If you desire to change the use of your property under any of the first three laws above you can avoid any penalty for that change of use. Property changed from farmland to open space, farmland to tree growth, open space to farmland, or open space to tree growth will not be
penalized if a parcel also meets eligibility requirements of the new classification.
More and more people are awakening to the realization that the current system of living and providing food for our population is a tenuous and fragile system. The demise of honey bee populations may be a visible sign of how our current monoculture mega farming techniques are not the best methods for a healthy eco system. They are inherently dependent on large applications of petro-chemicals to produce yields of crops that are shipped vast distances on trucks to consumers that are thousands of miles away from their food source. Bees are trucked thousands of miles and then placed in a virtual food desert where all they see for miles and miles is 1 type of plant on which to gather nectar and pollen. Imagine how healthy you would be eating only oatmeal 3 times a day, for a month or more. Regular yes, healthy no!
Permaculture is a growing trend not only herein the U.S., but worldwide. Pioneers in this field like Geoff Lawton of Australia have been instrumental in teaching and developing and applying the developing principles of Permaculture throughout the world. Through applications of reshaping and forming the land to enhance and utilize its contours, you can develop a method of conserving and utilizing water that eliminated the needs to use pumps for irrigation. Permaculture strives to mimic the diversity found in a forest, where man is not required to annually apply fertilizer and spray trees with pesticides in order for a forest to grow. Left to its own designs a forest will grow without man doing anything.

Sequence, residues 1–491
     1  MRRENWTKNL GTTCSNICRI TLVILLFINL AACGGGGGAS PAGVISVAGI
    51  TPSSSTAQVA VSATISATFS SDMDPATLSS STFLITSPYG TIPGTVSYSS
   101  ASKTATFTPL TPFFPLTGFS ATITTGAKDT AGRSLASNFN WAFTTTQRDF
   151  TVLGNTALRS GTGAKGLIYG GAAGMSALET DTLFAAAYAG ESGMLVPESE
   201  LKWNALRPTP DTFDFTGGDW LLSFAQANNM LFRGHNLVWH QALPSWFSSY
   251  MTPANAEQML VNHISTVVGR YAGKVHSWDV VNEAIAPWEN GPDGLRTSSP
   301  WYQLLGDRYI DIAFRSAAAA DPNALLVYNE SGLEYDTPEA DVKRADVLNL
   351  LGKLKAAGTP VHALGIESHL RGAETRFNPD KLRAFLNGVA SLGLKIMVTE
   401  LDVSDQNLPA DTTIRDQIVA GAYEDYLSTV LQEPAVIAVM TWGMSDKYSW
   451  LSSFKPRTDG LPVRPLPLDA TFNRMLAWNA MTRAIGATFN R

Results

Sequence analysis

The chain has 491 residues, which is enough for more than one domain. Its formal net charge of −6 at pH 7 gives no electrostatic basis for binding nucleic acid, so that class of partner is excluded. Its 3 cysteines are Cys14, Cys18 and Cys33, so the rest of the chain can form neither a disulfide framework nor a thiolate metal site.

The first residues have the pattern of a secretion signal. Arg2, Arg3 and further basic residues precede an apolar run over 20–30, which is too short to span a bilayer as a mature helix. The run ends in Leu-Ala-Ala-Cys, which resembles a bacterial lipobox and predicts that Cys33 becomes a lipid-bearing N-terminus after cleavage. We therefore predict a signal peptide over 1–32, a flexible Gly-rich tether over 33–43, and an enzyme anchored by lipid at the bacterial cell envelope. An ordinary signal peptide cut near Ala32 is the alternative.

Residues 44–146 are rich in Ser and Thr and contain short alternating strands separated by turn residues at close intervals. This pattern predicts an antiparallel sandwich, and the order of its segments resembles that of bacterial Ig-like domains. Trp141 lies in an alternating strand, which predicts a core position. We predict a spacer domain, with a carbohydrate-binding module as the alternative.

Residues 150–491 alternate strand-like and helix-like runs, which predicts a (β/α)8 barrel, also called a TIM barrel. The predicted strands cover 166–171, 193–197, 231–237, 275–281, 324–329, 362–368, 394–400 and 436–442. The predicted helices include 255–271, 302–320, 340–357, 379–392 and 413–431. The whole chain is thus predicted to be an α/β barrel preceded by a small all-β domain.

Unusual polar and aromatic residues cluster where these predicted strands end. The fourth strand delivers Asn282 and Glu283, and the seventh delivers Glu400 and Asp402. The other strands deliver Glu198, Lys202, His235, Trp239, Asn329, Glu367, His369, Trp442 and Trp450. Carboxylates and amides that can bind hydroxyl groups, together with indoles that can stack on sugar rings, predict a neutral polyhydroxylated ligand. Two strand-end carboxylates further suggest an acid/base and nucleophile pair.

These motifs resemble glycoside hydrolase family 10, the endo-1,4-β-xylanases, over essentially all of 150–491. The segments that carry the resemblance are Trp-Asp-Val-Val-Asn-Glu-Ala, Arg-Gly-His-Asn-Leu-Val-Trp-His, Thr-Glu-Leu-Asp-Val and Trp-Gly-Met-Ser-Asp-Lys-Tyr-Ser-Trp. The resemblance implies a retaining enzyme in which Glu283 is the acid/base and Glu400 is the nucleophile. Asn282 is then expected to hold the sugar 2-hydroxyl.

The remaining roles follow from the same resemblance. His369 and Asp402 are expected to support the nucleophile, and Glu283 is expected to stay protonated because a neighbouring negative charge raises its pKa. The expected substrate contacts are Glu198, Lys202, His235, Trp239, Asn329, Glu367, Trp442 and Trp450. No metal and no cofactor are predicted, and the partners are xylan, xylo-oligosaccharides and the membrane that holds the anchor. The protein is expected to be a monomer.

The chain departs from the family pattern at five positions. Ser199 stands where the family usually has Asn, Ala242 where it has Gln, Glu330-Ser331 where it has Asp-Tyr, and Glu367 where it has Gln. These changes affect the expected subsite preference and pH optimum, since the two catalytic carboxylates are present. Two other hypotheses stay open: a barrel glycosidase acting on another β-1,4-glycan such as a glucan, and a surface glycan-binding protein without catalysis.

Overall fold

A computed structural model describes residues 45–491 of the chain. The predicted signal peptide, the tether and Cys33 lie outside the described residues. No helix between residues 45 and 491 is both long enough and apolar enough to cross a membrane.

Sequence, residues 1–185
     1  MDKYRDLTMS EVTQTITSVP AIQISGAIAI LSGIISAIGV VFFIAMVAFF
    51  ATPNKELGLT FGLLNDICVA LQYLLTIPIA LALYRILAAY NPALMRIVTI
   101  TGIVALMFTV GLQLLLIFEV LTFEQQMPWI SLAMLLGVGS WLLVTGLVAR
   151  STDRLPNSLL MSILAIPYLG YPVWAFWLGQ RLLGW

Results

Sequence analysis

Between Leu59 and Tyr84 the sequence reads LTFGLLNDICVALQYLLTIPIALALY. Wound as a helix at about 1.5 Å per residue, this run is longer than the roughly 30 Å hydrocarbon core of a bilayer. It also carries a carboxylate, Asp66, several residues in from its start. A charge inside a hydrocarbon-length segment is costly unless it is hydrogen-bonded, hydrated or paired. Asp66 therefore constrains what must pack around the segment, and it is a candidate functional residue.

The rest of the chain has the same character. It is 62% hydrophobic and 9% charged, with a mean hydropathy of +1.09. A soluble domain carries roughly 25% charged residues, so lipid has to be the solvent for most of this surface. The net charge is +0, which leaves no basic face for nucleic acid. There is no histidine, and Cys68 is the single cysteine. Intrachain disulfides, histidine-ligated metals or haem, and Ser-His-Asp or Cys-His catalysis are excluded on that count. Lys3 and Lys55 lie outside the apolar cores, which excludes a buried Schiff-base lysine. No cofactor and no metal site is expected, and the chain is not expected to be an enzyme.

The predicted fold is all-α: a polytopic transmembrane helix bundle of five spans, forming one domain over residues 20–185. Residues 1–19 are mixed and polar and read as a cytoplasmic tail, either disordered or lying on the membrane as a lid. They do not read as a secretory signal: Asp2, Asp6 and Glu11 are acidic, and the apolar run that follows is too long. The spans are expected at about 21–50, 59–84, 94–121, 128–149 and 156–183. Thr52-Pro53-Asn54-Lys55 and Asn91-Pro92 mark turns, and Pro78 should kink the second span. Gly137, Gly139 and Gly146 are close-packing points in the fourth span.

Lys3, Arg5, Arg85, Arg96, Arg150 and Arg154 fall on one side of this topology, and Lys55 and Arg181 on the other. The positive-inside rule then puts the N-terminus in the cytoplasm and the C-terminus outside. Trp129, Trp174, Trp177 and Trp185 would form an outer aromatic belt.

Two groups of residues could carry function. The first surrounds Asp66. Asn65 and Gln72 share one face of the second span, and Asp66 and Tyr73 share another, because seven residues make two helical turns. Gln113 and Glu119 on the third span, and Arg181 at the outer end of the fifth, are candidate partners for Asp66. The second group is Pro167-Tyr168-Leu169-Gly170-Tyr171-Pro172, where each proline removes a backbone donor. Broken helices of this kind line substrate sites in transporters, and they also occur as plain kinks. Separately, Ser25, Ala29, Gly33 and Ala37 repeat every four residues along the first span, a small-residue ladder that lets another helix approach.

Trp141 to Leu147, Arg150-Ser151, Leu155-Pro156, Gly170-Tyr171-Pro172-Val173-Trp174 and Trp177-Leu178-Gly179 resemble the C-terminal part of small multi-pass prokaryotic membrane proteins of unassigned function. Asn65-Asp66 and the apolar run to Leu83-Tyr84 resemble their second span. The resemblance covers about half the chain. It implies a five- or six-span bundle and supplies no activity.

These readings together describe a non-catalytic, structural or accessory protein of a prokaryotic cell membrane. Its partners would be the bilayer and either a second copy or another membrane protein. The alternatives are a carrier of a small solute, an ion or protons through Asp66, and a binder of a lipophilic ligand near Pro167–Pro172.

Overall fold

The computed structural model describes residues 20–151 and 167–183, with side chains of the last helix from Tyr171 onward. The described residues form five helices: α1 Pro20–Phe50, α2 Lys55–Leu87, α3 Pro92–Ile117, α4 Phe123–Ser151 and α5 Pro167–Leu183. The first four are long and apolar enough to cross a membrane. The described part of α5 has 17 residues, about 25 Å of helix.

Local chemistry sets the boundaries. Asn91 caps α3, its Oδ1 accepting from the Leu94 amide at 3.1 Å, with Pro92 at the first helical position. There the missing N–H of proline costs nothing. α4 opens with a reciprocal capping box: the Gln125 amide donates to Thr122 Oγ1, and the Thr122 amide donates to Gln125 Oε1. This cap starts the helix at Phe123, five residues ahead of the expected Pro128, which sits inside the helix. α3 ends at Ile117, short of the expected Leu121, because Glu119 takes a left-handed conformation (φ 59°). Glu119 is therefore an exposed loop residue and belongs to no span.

Permaculture farming strives to develop a sustainable and robust food forest system that once established will grow and improve without man continually applying petroleum based fertilizers or pesticides. The living food forest will, over time, improve the water table, improve the soil fertility and allow a diverse array of food crops to grow together better and healthier than they do individually. One of the tenants of Permaculture that really appeals to me is the fact that during feudal times, the only people that had lawns were the monarchs. Peasants farmed what land they had to feed themselves. Monarchs as an outward display of opulence could afford to use farmland for nothing more than growing grass. On a small scale worldwide people are turning back and front yards from barren lawns to nutrient rich food forests where they can pick fresh fruits, nuts, berries and more and eat it right off the vine in their own yards, and never have to cut the grass again.
There are many good books on the subject of Permaculture. I've read Practical Permaculture by Jessi Bloom & Dave Boehnlein as well as The Resilient Farm and Homestead by Ben Falk. Ben's book details his homestead from the land purchase to building the home on a plot of undesirable land in Vermont. He through the application of Permaculture techniques is even able to grow rice on his property in Vermont for his families use. There are numerous websites and YouTube videos on the topic; in short Permaculture creates a more sustainable food source and lifestyle on our planet. What's not to like about that?
There is something special about a walk in the woods. Inspecting the tracks of forest animals, listening to the distant "wack-wack-wack" of the pileated woodpecker, watching a busy beaver putting the finishing touches on her dam, these and many other woodsy events are just a few reasons why we own land. To better care for and use our property we enjoy creating and improving multi-use trails. Building trails improves our outdoor experience, while at the same time increases the lands value.
Before starting the physical work of trail building take some time to mentally plan the construction. What are the intended uses of the trail? Is it for accessing a location such as a hunting stand or scenic place, hiking and cross country skiing? Do you intend to have vehicles on it like ATV's, snowmobiles, tractors, mountain bikes or others? How much traffic will your trail support? Asking yourself these and other questions will help you design a trail that meets your goals and will save you time and money.
Google Earth and the Maine office of GIS provide free solutions which can be used to plan and map your trail system. If you are not familiar with these programs see our post on using Google Earth. for some basic information. The topographic overlay from the Maine office of GIS in conjunction with Google Earth is especially useful.